2002: Is it just me, or is Apple making waves with its latest round of products?
It seems every time I turn to Wired there’s an Apple story somewhere on the main page.
Also, more and more regular magazines appear to be featuring Apple products and (gasp) singing their praises. Skip through MacSurfer any day of the week since Macworld Expo and you’ll see articles from Time, Fortune, Business 2.0, Business Week, and a slew of other publications.
All this bodes well for Apple. They’re making money, their products are widely admired, and they’re finally gaining some much-deserved respect.
So what happened? Why all the warm fuzzies from the press?
It might just be a case of excellent timing. The economy isn’t doing so great, and the computer giants seem to be running aground. Gateway is a good example of this. Even giants like Compaq and HP are in the news – not because of their products, but because of their merger troubles and board vs. family squabbles.
In the midst of it all, Apple is swimming against the tide and doing quite well, thank you very much.
At the height of the dot-com boom, everyone was a winner, so it was hard for Apple to stand out from the crowd. Now everyone is scrambling to meet forecasts, and Apple is still making great products and a profit. Today that doesn’t seem so easy, and the press is taking notice.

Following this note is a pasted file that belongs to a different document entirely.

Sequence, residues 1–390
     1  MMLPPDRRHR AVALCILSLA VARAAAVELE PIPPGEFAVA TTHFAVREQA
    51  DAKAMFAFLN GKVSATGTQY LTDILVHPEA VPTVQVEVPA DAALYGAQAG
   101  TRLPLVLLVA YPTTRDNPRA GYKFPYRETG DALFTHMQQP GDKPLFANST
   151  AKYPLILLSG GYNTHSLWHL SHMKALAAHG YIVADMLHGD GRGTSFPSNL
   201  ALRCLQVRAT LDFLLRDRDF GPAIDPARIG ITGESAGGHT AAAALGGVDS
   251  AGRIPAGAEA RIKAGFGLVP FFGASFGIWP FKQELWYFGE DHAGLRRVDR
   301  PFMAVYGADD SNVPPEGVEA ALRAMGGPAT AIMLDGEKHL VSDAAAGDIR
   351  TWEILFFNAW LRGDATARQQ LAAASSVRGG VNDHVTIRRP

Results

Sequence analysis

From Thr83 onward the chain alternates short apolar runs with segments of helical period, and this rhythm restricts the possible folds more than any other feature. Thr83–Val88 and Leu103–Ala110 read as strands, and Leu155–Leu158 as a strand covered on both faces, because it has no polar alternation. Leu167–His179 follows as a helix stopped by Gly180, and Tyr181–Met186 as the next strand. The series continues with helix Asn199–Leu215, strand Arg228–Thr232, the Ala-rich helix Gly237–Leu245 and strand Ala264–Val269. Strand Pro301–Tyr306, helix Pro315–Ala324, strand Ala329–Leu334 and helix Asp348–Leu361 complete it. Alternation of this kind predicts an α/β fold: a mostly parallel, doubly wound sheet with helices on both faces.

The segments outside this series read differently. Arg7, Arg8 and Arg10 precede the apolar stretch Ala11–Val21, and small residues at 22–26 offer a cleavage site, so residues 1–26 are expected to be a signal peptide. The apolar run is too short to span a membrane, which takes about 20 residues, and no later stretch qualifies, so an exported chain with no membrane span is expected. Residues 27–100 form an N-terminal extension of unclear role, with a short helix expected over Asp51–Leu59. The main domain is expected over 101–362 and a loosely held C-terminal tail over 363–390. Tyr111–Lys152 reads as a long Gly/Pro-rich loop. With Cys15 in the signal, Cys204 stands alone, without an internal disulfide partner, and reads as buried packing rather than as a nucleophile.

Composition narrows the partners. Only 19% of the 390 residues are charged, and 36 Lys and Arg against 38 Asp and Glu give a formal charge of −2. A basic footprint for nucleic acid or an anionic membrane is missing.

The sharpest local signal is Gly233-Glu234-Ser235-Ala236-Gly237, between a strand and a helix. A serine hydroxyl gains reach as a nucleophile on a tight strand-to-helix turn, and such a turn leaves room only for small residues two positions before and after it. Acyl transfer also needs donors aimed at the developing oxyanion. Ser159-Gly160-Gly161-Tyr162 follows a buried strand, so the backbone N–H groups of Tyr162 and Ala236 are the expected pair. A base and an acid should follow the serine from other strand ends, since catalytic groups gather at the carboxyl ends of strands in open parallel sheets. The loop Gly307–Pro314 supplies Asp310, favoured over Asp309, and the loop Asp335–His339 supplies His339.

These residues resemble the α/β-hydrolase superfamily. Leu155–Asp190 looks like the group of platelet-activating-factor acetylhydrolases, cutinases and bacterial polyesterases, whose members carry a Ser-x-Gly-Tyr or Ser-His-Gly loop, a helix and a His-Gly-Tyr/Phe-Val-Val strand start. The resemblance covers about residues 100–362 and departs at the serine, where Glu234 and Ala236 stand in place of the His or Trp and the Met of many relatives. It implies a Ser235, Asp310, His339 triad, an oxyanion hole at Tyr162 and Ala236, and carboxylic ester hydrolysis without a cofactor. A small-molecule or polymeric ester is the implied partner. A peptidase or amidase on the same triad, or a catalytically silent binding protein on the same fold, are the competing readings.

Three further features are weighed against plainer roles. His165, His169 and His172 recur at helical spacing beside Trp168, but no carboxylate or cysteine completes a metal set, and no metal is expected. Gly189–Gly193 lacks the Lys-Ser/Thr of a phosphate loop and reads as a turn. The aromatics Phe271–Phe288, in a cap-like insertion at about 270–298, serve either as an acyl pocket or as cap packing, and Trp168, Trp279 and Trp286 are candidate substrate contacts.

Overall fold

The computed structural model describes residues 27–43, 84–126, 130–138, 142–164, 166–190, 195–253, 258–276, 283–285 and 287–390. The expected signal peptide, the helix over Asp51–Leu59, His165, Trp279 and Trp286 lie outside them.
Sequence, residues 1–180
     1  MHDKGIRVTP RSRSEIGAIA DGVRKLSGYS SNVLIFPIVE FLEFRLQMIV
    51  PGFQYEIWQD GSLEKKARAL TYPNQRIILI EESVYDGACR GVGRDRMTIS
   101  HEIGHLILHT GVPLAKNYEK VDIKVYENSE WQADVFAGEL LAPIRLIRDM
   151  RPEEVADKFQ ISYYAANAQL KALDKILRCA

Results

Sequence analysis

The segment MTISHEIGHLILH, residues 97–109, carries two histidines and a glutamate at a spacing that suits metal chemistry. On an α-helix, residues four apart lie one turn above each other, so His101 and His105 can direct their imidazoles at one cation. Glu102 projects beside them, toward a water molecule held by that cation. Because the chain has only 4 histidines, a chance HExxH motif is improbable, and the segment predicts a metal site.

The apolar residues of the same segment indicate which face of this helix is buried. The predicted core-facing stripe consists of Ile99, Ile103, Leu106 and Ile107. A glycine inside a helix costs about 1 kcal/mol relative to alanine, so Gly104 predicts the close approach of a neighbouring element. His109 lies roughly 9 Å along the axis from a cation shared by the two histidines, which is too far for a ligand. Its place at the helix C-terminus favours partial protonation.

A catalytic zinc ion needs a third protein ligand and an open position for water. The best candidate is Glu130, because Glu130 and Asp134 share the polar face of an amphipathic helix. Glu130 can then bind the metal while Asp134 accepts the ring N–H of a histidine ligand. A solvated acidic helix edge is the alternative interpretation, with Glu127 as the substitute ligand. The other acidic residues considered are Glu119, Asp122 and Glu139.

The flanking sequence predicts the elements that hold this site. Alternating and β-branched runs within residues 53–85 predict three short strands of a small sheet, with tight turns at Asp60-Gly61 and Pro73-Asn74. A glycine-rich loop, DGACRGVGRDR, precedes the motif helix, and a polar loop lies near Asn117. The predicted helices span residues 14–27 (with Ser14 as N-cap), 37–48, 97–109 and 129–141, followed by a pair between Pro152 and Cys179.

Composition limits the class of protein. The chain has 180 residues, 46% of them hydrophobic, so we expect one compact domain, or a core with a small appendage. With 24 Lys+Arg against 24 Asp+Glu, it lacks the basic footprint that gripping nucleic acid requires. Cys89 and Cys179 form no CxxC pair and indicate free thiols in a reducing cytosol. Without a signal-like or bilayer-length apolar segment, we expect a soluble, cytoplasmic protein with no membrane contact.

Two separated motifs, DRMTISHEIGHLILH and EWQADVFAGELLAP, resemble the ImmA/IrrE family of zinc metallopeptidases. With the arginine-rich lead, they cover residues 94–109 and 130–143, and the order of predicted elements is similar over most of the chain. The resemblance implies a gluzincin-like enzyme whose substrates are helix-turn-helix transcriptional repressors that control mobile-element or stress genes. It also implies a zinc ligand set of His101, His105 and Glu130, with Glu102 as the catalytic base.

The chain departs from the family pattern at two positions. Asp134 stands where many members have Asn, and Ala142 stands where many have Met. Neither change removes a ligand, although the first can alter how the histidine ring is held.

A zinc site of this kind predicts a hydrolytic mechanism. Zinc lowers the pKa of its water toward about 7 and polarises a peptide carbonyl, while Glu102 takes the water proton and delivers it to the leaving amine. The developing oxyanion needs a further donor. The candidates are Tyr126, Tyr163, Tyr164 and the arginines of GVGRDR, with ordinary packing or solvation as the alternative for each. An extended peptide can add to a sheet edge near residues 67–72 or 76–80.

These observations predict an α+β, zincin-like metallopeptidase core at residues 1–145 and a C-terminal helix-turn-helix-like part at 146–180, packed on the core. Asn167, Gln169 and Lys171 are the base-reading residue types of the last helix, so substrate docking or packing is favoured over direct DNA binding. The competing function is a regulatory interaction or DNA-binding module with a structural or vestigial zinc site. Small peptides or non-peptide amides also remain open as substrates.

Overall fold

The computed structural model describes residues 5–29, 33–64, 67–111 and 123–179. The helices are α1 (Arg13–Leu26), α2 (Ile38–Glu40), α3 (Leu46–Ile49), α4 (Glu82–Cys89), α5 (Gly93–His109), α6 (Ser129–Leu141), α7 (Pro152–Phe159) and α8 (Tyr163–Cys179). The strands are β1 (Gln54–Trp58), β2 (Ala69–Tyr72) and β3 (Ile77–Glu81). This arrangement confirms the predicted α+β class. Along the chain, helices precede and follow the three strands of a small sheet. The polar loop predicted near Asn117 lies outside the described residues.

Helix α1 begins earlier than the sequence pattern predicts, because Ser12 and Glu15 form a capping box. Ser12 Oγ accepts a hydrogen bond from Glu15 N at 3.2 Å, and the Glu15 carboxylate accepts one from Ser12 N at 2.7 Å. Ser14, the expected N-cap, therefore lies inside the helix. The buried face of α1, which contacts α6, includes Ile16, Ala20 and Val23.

If Apple can keep its winning streak alive, the company will be in a good position to thrive when the economy turns the corner. That seems to be the unwritten consensus.
The iMac also seems to be garnering a fair share of praise from an industry that is usually lukewarm (at best) to Apple product offerings. While the original iMac was met with derision for its bubble shape and its color, the new iMac G4 has industry pundits more or less drooling. While the base is certainly nice to look at, the swivel monitor is really turning heads.
The interest in Apple that the new iMac is generating is very interesting because it’s encouraging people to actually try a Mac. And once they boot it up and give it a spin, the consensus is usually good.
Take, for example, the one month with Apple articles by David Coursey of ZDNet. Granted, Coursey is a Mac sympathizer, but his experience might open the door to other Mac users. Columnists do wield some influence, and Coursey’s articles may make the decision to switch to Mac easier for some people.
The poor economy, Apple taking risks, and good press may be the first signs that Apple will once again gain the respectability it deserves.